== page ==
Coherent emotions produce heart rate variability, vital for life and health, whereas the negative emotions do not. Noncoherent, or negative, emotions close the heart down and cause constriction. (There’s that “flow” factor again!)

As if it weren’t enough just to feel those noncoherent emotions and feel angry, resentful, etc., they also have the following ill effects: suppression of the immune system; hormonal imbalance; inability to think clearly; cardiovascular strain; negatively impacting others; tumor growth; and a negative impact on DNA. Indeed, recalling an angry memory for just five minutes can suppress the immune system for five hours. (On the other hand, just suppressing anger can also have ill health effects.)

It is through feeling – not thinking about, but really feeling – coherent emotions that we optimize health, reduce stress, promote longevity, optimize our thinking and creative faculties, have intuitive intelligence, have true understanding, entrain our physical system (for wholeness), have a healthy flow of energy, and positively affect others. (And we now have some scientific justification for ideas about wholeness and energy flow!)

And, if that weren’t enough, coherent emotions and an open heart allow for more connection to others and to our world.

But wait: there’s more!

IHM research also indicates that “the quantum electrical field of the heart is where love, or Spirit, enters the human system…where Spirit meets matter.” (Doc Lew Childre, IHM, “Building a Bridge Between Science and Religion”) So an open heart also opens us more to “Spirit”uality.

All of this – health, wholeness, flow, true understanding, connection to others, spirituality – from feeling love, appreciation, etc.!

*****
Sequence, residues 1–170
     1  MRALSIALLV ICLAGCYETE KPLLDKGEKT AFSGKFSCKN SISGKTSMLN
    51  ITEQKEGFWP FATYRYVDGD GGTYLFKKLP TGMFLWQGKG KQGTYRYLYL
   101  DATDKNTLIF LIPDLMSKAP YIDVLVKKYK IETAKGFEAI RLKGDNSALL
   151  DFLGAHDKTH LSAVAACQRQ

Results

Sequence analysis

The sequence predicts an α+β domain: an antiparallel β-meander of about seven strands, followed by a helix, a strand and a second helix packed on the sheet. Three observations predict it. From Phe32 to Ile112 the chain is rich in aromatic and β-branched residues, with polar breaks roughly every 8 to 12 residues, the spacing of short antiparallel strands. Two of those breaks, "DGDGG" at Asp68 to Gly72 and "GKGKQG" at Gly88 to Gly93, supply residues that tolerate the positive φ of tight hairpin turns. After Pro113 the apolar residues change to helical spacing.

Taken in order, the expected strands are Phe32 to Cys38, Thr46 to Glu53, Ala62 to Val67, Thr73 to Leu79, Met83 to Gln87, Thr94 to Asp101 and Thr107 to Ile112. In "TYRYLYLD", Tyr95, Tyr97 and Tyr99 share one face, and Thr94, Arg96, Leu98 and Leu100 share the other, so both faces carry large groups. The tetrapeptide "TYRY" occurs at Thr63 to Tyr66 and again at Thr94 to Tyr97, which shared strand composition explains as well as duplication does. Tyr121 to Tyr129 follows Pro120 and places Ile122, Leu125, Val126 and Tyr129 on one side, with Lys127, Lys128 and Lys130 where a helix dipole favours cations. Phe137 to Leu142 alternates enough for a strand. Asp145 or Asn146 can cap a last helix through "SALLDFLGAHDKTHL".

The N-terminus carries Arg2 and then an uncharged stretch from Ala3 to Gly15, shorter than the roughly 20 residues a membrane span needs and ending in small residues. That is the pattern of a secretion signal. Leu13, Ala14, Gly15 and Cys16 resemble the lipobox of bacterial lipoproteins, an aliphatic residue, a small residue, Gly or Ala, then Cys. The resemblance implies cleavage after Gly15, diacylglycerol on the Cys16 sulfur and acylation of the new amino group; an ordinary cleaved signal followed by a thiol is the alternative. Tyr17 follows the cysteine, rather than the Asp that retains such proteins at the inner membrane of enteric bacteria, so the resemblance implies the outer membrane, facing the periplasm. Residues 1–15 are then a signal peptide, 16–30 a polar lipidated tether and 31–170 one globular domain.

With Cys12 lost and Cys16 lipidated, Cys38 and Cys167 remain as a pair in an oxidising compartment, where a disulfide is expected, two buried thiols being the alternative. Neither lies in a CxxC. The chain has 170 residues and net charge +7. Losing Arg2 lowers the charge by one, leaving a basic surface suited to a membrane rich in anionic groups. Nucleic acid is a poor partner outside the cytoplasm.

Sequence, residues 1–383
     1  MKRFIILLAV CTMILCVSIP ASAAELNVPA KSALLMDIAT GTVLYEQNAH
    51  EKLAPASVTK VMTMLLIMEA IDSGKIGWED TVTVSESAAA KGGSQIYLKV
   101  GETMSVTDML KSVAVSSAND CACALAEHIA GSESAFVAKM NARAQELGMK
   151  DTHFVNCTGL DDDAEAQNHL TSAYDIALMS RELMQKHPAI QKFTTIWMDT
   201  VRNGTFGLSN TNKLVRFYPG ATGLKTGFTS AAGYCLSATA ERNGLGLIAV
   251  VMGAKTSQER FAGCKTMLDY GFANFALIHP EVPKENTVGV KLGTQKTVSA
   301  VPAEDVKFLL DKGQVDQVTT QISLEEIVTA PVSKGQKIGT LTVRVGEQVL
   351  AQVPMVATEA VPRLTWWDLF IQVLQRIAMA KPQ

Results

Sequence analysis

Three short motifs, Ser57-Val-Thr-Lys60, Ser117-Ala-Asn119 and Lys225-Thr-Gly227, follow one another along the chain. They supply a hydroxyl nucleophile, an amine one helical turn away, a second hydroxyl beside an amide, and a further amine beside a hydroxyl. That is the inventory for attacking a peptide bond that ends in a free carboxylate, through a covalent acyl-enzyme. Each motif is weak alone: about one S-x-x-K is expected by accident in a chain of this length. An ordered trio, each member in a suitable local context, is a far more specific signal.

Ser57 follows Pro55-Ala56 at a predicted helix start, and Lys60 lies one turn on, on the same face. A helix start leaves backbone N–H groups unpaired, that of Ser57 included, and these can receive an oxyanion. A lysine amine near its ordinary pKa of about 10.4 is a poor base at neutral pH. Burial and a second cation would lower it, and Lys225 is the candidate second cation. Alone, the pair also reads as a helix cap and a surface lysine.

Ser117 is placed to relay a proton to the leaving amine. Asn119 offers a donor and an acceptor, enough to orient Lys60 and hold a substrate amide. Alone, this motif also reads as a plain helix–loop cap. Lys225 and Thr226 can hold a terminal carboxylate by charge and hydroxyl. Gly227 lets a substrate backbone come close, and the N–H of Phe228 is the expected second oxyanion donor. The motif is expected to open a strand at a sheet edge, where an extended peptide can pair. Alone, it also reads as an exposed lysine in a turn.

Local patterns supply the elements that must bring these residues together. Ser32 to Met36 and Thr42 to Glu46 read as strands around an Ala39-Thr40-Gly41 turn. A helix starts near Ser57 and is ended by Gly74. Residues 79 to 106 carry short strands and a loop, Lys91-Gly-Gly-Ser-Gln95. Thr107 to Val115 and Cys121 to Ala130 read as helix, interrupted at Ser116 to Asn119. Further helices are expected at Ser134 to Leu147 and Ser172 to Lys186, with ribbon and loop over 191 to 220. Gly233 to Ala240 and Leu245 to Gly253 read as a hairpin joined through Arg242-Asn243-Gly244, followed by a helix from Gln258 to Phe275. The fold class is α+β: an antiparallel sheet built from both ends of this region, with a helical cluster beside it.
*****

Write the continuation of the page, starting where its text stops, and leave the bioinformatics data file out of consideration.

But how do we start to feel coherent emotions more in our stressful contemporary lives?

Well, there are two techniques that I am aware of at the present time. One is the “Freeze Frame” technique devised by IHM (and delineated in the book, Freeze Frame by Doc Lew Childre), which incorporates recognizing the stressful feeling by becoming consciously aware of it (conscious living), shifting your focus to your heart for ten seconds, recalling a “positive, fun feeling” and re-experiencing it, asking your heart what would be a more efficient response to the stressful situation, listening to your heart’s answer, and writing down your response. Please note that this is a bare outline of the technique and does not give full justice to it. IHM conducts workshops in this technique and also provides consulting services to corporations, the military, etc. (You may contact them at (408) 338-2161.)

The second technique is called The Natural Process technique. It, too, is more of a meditative technique, but contains more elements of spirituality in it.

Information on The Natural Process technique was received by Margaret Keen in a near-death experience (NDE) she had in 1978. She was told, however, in her NDE not to release the technique until 1993. I was fortunate enough to learn it in 1994.

The Natural Process simulates a near-death experience and through it one experiences love, peace, knowing, the light, perfection, and oneness. It is truly a technique that enables one to move towards “heart-centeredness” and heart-openness in a positive way, facilitating one to feel coherent emotions and experience positive benefits in one’s body and feeling pattern. And one can experience transformative and lasting effects from it as well.

I’m sure, as time goes on, we’ll see more techniques facilitating the opening of our heart and allowing us to move more toward wholeness.

What an exciting time we’re living in! And who would'a thunk we’d see science giving us more and more of a basis for and validation of spirituality? What more lies ahead???

This article was first published in "Innerchange Magazine" in the April-May 1997 issue.

Author's Bio: 

Diane Brandon is the Host of “Living Your Power” on the Health & Wellness Channel of VoiceAmerica.com, as well as an Intuition Teacher, Integrative Intuitive Counselor, and Speaker. She is the author of "Invisible Blueprints" and several articles on personal growth topics, as well as a contributing author to "Speaking Out" and "The Long Way Around: How 34 Women Found the Lives They Love." Her private work with individuals focuses on personal growth, working with dreams, and personal empowerment, and she has done corporate seminars on intuition, creativity, and listening skills. More information may be found on her websites, www.dianebrandon.com and www.dianebrandon.net.. She may be contacted at diane@dianebrandon.com.